In his life as it is, full of jumbled, disturbing thoughts he does not really feel alive or appreciates the joy he may have done once.

His hopes, desires and achievements have fallen to ‘wrack and ruin’ indicated by the metaphor ‘shipwreck’

Even the people who have been those he has loved the most,

even they seem different, not like they were, even more changed than everyone and everything else

He wishes he could go to places no one has ever been to before, where there is none of the noise and worry of that has come upon him.

He wants to be where he doesn’t have to feel or remember the impact of a woman and her emotions and the effect she has or had on his feelings.

He wants to finish it all, to go home and return to where he came from to be with God.

He is so tired, he wants to rest, to sleep as soundly as he did when only an innocent child.

He wants his worries to cease. He wants to be no trouble to anyone else, nor suffer from the unhappy anxiety that he is experiencing now. He wants to rest, and be still and unaffected by his problematic mind.

He wants to lie down on green fields or ‘grass’ leading us to imagine him finally at rest on the ‘green pastures’ from the 23rd psalm – pastures where he can metaphorically rest in the arms of a caring God. Such pastures are more important and on a higher plane than the sky itself. The ‘grass’ could also refer to his grave. He wishes to die and be free of all his difficulties.


What do you think?

Review: Death Comes to Pemberley by P.D. James

January 1, 2014

Review: Death Comes to Pemberley by P.D. James

I’m a great admirer of the work of P. D James. I have devoured every book of hers I could lay

my hands on. She captured me as an avid reader when she described the atmosphere and

character of Cambridge so perfectly. Her characters and plots were always interesting and

the books thoroughly enjoyable.

However, when I bought ‘Death Comes to Pemberley’ I was mystified. Why would someone

who can provide her own vivid characters borrow someone else’s - characters that

are already familiar to many of us? Why would she try to change her style of writing

when her own was brilliant?

I’m afraid I couldn’t finish the book. As I am want to do, I decided to look at

the first few hundred words and analyse what was wrong. Was it me? Was I being too fussy?

I’d remembered Jane Austen’s ‘Pride and Prejudice’ from school days, so I looked up

‘Pride and Prejudice’ on the ‘Gutenberg’ website (well worth a visit). Sure enough,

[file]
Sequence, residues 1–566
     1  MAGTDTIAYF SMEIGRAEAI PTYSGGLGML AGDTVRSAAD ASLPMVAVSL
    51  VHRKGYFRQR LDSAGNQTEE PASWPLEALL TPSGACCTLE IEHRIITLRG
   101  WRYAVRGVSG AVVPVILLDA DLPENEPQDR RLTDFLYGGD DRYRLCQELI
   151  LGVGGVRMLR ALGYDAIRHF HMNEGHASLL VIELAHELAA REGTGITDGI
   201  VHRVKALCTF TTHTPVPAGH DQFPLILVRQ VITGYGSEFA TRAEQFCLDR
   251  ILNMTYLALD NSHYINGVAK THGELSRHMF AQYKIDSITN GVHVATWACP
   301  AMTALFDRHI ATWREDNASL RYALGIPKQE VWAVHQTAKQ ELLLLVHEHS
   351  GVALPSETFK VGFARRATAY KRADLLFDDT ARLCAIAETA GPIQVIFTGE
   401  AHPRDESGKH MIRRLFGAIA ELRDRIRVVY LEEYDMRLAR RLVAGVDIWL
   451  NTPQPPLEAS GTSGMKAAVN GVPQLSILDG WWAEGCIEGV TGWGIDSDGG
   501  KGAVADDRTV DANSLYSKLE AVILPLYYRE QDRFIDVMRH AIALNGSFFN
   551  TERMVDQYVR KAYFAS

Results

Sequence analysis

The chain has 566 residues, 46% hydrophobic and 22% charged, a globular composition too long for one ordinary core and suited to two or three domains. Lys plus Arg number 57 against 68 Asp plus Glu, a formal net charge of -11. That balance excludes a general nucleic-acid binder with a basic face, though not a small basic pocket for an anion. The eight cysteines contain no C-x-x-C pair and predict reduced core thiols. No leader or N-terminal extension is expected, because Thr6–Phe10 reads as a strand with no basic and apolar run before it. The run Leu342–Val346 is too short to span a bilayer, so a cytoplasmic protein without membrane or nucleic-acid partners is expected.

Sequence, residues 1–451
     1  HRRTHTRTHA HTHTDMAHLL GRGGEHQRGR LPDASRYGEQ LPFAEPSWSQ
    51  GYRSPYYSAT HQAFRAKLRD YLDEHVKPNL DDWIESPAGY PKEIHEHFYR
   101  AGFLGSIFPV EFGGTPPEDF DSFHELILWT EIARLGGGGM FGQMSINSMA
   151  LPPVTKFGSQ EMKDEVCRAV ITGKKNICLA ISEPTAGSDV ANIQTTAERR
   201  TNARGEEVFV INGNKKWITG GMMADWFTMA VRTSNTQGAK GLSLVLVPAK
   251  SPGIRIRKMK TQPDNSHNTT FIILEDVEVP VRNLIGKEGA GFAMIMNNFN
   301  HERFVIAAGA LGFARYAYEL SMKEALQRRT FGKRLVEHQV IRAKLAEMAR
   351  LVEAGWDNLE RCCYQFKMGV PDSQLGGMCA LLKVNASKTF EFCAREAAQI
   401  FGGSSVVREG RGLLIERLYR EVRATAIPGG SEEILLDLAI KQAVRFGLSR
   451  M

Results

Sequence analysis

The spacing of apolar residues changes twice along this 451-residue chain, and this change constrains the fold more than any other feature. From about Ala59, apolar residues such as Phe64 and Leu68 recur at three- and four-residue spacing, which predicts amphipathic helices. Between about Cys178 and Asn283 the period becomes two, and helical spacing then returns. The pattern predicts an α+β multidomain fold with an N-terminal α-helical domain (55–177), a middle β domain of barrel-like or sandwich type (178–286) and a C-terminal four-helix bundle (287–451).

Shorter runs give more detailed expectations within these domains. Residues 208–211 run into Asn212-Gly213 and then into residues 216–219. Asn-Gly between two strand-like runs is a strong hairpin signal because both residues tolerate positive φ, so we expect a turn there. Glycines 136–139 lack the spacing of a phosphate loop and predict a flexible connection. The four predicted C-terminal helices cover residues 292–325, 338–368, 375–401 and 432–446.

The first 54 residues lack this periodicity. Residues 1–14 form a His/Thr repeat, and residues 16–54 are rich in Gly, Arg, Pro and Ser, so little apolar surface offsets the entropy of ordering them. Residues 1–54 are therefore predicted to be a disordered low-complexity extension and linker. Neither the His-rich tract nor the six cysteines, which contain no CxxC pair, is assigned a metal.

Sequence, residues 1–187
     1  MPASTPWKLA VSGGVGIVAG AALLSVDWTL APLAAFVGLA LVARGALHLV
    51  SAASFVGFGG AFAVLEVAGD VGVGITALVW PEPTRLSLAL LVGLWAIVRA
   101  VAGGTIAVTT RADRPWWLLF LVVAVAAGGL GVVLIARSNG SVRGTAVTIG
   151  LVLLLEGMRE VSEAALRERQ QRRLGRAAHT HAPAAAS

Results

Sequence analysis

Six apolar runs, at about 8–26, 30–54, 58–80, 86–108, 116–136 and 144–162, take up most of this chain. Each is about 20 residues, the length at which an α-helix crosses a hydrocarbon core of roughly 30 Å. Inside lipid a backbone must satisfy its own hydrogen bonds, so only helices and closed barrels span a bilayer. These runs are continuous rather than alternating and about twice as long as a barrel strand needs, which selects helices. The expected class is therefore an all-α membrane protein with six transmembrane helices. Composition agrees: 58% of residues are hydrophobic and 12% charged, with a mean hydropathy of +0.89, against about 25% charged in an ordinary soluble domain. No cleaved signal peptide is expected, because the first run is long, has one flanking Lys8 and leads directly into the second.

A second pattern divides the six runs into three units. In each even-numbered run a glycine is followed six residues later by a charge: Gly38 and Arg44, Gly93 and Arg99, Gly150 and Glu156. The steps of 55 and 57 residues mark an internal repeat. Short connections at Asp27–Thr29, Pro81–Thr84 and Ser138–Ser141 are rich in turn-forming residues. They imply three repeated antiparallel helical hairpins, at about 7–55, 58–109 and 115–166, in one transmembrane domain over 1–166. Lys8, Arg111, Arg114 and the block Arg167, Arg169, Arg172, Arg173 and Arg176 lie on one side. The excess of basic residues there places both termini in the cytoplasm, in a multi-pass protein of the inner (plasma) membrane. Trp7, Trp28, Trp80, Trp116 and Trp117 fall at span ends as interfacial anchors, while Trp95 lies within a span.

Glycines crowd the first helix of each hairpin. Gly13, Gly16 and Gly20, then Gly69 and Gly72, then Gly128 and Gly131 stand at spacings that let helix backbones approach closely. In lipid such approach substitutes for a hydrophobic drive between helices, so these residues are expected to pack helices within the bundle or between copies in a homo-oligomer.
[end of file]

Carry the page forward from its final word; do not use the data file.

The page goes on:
I could see why Jane Austen’s writing was so attractive.

Her first paragraph starts with a single stark sentence that sets the drama of the whole book.

“It is a truth universally acknowledged that a single man in possession of a good fortune,

must be in want of a wife”

This book is going to explore what happens as the society around him endeavours

to ‘catch him’ as a husband.

Jane Austen then immediately introduces one of the main, strong characters,

the unforgettable Mrs Bennet and her dramatic busy-body, control-freak ways. She announces to her husband that someone new is coming to

Netherfield Park.

Mr Bennet character is also immediately revealed as he hardly

answers his wife and lets her ‘rabbit on’.

A thoroughly good beginning.

Now to ‘Death Comes to Pemberley’:

I was expecting a similar introduction or re-affirmation of the characters.

There is no statement of a general truth

to indicate the drama that follows. The first sentence describes

where we are, giving the precise day and year,

just in the way you would expect a modern whodunit to begin.

The character is introduced with statements about her preferences with

the decor of a room. I looked in vain for the dialogue of Jane Austen,

so I sadly put it aside.

When the TV programme was advertised I decided I must watch.

The problem is obviously mine. Sure enough I enjoyed the three programmes.

The acting was very good, the costumes and settings were wonderful.

I could believe I was there in that past century. Also, of course, with P.D. James,

the plot was full of interest.

However, the whole experience felt surreal. It was P.D. James all right,

but what were the Darcy’s doing there? It didn’t feel right at all. It would have been

great if fresh new characters had been involved. Maybe next time P.D. James

has a whim to write another whodunit she could be persuaded to revert

to her usual, brilliant, original, self-made, whodunit style? Please?

A look at style in Nicholas Shakespeare’s ‘In Tasmania’.

December 14, 2013

For ever searching for a sense of style, I am want to analyse the first 500 words of anything I read.  So, for what it’s worth, these are my musings of Nicholas’s style in the first words of his book ‘In Tasmania’ :

It opens intriguingly with someone telephoning Nicholas to tell him there is another ‘N. Shakespeare’ in Tasmania. This introduces the book perfectly. We know that he will be on a quest to search out his family roots.